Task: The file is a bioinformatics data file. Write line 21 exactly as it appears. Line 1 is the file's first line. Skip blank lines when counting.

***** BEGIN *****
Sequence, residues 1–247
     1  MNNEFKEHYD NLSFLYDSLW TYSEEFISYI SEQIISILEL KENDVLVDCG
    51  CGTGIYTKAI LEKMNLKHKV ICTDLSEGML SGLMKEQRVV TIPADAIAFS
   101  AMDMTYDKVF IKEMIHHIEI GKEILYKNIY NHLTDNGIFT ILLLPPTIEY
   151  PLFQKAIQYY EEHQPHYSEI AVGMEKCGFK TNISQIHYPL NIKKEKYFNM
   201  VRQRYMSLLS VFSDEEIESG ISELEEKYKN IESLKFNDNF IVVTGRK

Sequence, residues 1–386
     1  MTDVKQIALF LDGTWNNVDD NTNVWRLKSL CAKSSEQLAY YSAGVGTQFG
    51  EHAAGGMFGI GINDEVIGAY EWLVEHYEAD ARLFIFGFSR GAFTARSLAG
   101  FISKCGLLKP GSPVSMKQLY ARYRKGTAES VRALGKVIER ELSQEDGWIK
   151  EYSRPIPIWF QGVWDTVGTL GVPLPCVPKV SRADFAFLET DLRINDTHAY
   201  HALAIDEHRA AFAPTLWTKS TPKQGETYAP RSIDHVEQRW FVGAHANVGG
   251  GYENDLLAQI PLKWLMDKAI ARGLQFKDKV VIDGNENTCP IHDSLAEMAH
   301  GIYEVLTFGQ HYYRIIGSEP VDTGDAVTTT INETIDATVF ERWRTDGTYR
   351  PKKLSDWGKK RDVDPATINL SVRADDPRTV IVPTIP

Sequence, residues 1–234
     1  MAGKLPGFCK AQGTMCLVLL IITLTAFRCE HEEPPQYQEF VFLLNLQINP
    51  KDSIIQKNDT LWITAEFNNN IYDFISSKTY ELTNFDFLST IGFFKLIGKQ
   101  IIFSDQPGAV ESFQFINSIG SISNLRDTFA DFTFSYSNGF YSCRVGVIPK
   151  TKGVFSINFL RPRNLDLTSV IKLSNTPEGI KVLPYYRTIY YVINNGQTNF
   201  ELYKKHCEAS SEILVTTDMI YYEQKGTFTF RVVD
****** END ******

   201  ELYKKHCEAS SEILVTTDMI YYEQKGTFTF RVVD